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Short version of question: What parameter do I need to pass to the clone system call on x86_64 Linux system if I want to allocate a new TLS area for the thread that I am creating.

Long version:

I am working on a research project and for something I am experimenting with I want to create threads using the clone system call instead of using pthread_create. However, I also want to be able to use thread local storage. I don't plan on creating many threads right now, so it would be fine for me to create a new TLS area for each thread that I create with the clone system call.

I was looking at the man page for clone and it has the following information about the flag for the TLS parameter:

CLONE_SETTLS (since Linux 2.5.32)
   The newtls argument is the new TLS (Thread Local Storage) descriptor.
   (See set_thread_area(2).)

So I looked at the man page for set_thread_area and noticed the following which looked promising:

 When  set_thread_area()  is  passed  an  entry_number  of -1, it uses a 
 free TLS entry. If set_thread_area() finds a free TLS entry, the value of
 u_info->entry_number is set upon return to show which entry was changed.

However, after experimenting with this some it appears that set_thread_area is not implemented in my system (Ubunut 10.04 on an x86_64 platform). When I run the following code I get an error that says: set_thread_area() failed: Function not implemented

#include <stdlib.h>
#include <stdio.h>
#include <unistd.h>
#include <errno.h> 
#include <sys/syscall.h>
#include <sys/types.h>
#include <linux/unistd.h>

 #include <asm/ldt.h>

int main()
  struct user_desc u_info;
  u_info.entry_number = -1; 
  int rc = syscall(SYS_set_thread_area,&u_info);
  if(rc < 0) {
    perror("set_thread_area() failed");

  printf("entry_number is %d",u_info.entry_number);

I also saw that when I use strace the see what happens when pthread_create is called that I don't see any calls to set_thread_area. I have also been looking at the nptl pthread source code to try to understand what they do when creating threads. But I don't completely understand it yet and I think it is more complex than what I'm trying to do since I don't need something that is as robust at the pthread implementation. I'm assuming that the set_thread_area system call is for x86 and that there is a different mechanism used for x86_64. But for the moment I have not been able to figure out what it is so I'm hoping this question will help me get some ideas about what I need to look at.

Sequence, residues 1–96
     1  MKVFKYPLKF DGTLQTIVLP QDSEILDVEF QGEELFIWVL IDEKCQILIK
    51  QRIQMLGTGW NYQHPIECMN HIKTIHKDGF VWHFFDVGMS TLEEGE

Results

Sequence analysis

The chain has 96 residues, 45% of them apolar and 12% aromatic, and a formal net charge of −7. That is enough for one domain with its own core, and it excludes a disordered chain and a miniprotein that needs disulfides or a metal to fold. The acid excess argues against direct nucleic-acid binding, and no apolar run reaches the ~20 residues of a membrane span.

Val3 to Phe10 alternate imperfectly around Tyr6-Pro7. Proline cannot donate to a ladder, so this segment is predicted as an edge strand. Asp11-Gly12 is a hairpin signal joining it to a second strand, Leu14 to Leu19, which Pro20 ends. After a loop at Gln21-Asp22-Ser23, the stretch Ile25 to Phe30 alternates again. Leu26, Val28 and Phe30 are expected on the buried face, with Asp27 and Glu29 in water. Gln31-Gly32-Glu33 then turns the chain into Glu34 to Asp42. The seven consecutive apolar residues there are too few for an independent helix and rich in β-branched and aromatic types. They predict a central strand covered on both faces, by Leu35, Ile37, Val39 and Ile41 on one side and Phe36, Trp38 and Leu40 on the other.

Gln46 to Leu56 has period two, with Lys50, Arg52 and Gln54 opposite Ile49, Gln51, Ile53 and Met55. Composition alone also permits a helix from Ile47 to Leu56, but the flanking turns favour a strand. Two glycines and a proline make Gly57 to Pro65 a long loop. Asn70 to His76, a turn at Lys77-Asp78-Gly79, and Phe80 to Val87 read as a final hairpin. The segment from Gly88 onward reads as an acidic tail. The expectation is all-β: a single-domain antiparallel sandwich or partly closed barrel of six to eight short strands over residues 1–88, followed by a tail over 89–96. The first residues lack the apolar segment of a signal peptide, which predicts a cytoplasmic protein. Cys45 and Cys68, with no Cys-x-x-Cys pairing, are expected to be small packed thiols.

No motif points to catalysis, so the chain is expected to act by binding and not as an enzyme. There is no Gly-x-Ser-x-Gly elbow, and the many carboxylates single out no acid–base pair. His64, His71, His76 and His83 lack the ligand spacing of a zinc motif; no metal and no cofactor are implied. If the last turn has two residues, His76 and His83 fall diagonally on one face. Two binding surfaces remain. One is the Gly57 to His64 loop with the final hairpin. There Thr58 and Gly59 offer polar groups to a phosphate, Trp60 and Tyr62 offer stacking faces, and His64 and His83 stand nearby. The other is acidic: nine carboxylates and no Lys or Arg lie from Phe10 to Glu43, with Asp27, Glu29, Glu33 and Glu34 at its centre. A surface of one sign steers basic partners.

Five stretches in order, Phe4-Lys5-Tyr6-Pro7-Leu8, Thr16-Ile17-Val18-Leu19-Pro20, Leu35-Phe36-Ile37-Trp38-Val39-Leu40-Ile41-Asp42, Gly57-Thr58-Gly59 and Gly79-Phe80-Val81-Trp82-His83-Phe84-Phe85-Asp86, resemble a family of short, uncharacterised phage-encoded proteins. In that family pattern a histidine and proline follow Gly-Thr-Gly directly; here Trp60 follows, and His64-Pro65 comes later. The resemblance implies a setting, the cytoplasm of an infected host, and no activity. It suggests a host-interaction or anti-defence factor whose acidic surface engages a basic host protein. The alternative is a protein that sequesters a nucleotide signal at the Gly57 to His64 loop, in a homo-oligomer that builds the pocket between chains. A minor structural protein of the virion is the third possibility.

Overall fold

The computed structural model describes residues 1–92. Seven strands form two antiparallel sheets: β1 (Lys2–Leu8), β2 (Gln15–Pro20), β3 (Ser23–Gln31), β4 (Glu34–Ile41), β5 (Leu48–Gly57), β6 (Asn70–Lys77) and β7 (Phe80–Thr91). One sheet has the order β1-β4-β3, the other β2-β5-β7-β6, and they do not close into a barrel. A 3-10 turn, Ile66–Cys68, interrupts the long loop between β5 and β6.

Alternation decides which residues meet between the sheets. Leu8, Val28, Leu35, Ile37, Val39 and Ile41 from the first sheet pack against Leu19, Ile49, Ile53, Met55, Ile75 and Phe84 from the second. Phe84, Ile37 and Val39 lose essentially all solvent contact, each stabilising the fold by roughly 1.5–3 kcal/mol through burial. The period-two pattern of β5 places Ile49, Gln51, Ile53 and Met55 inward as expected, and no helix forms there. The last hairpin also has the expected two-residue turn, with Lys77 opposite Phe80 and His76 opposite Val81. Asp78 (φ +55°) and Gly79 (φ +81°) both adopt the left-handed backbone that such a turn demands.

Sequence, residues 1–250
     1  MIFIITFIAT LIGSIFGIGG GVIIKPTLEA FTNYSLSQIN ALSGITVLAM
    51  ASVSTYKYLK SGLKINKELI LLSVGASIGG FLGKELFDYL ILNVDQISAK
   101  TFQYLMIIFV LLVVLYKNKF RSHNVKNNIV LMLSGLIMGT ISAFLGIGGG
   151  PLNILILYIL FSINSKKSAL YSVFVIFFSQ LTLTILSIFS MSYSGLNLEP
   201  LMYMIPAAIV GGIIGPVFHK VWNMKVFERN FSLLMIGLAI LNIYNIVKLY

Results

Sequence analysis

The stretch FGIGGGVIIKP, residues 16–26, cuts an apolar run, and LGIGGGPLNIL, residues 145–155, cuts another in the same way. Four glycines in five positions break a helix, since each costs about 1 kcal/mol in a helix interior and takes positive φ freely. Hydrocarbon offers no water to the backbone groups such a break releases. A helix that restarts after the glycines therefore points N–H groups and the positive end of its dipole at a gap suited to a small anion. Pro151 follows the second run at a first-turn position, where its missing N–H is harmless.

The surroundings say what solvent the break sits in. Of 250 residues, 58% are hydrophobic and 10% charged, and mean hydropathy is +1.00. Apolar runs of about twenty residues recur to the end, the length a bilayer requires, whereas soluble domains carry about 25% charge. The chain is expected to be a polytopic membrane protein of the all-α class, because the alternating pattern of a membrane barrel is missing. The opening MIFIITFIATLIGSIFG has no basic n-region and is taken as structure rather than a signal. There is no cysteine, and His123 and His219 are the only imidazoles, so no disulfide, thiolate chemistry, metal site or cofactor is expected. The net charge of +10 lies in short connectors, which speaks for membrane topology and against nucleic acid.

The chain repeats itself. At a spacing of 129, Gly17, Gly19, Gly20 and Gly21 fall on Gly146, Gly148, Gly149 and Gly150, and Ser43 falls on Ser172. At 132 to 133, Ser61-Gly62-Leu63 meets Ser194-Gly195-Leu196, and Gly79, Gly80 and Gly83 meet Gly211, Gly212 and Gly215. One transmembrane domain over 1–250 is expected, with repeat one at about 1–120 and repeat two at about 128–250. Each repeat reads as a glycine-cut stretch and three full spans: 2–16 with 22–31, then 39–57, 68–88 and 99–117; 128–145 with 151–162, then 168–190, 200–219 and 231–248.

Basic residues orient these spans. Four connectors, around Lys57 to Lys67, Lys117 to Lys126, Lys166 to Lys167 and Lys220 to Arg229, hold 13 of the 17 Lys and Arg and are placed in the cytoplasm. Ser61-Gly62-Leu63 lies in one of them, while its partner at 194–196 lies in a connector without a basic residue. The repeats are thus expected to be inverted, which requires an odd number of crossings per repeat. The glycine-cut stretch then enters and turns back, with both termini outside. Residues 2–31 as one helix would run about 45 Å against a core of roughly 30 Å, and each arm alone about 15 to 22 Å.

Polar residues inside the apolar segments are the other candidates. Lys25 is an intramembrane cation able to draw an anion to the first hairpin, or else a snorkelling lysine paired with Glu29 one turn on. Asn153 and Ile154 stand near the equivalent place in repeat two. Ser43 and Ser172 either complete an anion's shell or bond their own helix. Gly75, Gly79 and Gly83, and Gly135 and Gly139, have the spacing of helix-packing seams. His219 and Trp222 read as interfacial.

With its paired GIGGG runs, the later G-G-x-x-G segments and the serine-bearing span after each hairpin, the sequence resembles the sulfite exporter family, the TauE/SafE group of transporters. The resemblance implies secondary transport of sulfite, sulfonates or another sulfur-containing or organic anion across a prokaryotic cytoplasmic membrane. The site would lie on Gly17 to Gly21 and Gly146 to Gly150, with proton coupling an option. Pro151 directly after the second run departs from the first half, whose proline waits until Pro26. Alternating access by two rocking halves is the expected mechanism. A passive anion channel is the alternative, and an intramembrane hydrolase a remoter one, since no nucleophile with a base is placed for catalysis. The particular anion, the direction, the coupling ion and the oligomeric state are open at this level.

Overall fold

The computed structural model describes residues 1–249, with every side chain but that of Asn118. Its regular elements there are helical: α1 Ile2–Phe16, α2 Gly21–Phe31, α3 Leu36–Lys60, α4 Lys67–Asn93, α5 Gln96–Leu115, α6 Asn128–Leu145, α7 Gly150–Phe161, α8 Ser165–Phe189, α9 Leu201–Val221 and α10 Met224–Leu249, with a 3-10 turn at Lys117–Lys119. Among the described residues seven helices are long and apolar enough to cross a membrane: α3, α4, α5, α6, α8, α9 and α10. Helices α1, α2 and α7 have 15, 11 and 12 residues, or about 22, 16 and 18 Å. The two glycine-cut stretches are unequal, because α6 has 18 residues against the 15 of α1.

share|improve this question

I am working on a research project and for something I am experimenting with I want to create threads using the clone system call instead of using pthread_create

In the exceedingly unlikely scenario where your new thread never calls any libc functions (either directly, or by calling something else which calls libc; this also includes dynamic symbol resolution via PLT), then you can pass whatever TLS storage you desire as the the new_tls parameter to clone.

You should ignore all references to set_thread_area -- they only apply to 32-bit/ix86 case.

If you are planning to use libc in your newly-created thread, you should abandon your approach: libc expects TLS to be set up a certain way, and there is no way for you to arrange for such setup when you call clone directly. Your new thread will intermittently crash when libc discovers that you didn't set up TLS properly. Debugging such crashes is exceedingly difficult, and the only reliable solution is ... to use pthread_create.

share|improve this answer
thanks for the information, yes I do plan to make calls to libc. Out of curiosity what sort of things does libc use the TLS area for? Also since it's possible to have programs that don't use pthread_create (single threaded) what happens in this case in regards to setting up the TLS area that libc needs to use. – Gabriel Southern Apr 8 '12 at 7:18
Some things libc uses it for: function pointer for making accelerated syscalls (x86), stack canary (if using stack protector), pid cache (used by getpid), tid cache (for identifying owner of locks), errno (which is thread-local). I'm sure there are more uses I'm not thinking of, too. – R.. Aug 2 '13 at 5:32

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